that go to children sleep hungry at night. this is what i have learned. the system is even more corrupt and we fear. and the people of the united states are even more wonderful than we hope. the people are just fine. that is not where the problem lies. i would say that of the average american on the left and right. lies in the fact that our government functions in such a way that is completely divergent of the consciousness of the people of the united states. michael bennet was talking about this. this is a democracy. it is meant to be the well of the people that dominate the policies of our government. policies of our government
are not dominated by the will of the people. we are dominated by advocacy for short-term profits for huge national industries. everyone who is part of that system, even though you are most well-intentioned, the system is so corrupt. it is time for the people to step in. [applause] we have become stepford politicians. why aren't we talking about the military-industrial complex? why are we talking about
short-term profits for defense contracts does more to influence our national security agenda then what should influence it, which is actual legitimate security needs of the u.s.? if it was only the security , it would consist of two things. militaryny that the says it's needs but only at every penny. not billions of dollars above that. also include what i will have as president, a u.s. department of peace. why is that not being talked about? why do you think we are not talking about poverty in america? about hungry children?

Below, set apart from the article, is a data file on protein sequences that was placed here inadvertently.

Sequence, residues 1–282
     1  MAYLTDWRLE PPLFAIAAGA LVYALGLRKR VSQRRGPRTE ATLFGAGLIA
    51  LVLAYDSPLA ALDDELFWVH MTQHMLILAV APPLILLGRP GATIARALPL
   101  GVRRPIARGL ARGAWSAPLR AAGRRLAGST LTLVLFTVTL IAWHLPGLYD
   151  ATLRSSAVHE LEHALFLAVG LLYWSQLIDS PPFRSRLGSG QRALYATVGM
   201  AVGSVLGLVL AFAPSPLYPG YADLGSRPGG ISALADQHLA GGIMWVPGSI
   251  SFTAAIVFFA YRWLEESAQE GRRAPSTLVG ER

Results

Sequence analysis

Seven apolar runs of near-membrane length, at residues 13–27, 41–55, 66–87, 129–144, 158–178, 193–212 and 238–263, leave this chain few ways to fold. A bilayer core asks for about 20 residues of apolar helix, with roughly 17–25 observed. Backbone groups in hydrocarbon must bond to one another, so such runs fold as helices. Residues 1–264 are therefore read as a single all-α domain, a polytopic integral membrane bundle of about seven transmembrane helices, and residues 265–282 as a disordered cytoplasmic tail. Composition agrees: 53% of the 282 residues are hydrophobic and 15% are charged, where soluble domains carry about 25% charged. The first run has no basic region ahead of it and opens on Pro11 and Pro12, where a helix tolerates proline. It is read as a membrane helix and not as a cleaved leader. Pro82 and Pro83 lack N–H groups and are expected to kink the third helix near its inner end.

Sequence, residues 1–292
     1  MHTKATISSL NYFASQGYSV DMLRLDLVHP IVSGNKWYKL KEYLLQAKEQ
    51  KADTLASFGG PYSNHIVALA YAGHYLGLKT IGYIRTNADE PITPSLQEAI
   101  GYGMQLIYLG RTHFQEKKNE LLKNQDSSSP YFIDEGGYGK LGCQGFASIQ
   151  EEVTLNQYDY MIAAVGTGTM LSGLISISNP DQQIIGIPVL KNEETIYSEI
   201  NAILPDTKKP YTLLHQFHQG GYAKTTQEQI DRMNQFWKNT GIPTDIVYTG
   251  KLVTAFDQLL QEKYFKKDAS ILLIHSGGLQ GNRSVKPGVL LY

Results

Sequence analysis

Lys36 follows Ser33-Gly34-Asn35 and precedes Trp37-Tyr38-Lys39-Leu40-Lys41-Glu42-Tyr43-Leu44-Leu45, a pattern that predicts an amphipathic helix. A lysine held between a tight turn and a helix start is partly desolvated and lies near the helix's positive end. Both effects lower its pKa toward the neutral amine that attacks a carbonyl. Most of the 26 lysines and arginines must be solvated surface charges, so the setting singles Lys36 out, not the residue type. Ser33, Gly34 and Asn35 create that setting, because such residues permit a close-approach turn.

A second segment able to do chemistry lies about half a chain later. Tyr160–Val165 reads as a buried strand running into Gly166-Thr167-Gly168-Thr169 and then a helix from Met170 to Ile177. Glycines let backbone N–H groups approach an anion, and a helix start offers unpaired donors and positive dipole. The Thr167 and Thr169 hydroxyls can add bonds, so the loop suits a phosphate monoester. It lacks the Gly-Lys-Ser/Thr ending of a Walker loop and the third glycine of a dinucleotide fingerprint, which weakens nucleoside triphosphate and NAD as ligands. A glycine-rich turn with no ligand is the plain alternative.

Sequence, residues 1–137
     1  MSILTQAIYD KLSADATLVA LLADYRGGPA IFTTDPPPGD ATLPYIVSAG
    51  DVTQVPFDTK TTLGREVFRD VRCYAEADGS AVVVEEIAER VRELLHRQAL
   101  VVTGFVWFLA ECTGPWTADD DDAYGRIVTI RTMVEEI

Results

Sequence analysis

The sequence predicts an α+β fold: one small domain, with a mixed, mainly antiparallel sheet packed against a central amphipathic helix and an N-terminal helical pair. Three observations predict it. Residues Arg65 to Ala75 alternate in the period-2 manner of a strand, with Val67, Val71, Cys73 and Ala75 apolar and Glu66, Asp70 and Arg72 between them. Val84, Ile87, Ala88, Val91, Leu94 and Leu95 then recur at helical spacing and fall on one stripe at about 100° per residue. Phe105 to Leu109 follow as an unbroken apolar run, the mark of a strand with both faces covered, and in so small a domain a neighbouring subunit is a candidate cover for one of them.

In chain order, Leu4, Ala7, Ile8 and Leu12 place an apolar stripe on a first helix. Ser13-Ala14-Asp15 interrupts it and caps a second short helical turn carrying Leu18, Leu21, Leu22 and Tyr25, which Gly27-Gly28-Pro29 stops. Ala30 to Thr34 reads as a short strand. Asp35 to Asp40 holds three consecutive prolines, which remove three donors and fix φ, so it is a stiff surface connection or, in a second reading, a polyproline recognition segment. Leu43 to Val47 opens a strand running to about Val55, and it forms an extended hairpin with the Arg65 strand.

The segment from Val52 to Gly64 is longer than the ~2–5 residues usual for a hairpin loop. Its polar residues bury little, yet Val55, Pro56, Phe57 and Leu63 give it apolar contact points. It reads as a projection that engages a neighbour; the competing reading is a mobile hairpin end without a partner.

millions of american children who go to school every single day in school districts and don't even have the adequate school supplies to teach a child to read. thehat shock cannot read by age of eight, the chances of high school graduation are drastically decreased. chances of incarceration are drastically increased. you think just more educational funding will fix that? does the phrase same old, same old mean anything to us? i read an interview that really moved me. it was when jared kushner was talking about a conversation she had -- he had with his father-in-law. he said, there is a lot of angry people out there. we could harness all of that anger and make you president.
when i read that, i thought, there are a lot of wonderful people out there. a lot of good, dignified, decent people out there. good people. we could harness all of that and change the world. we cannot just go with the same old, same old. that will not be donald trump. we need to become more psychologically and emotionally sophisticated. we go dumb when it comes to politics. democrats and do it in a way that is odd. when the republicans were told by the republican national committee, you can choose jeb walker, they did not said.at the rnc they said, we want donald trump. on this side, we have a lack of rambunctious this.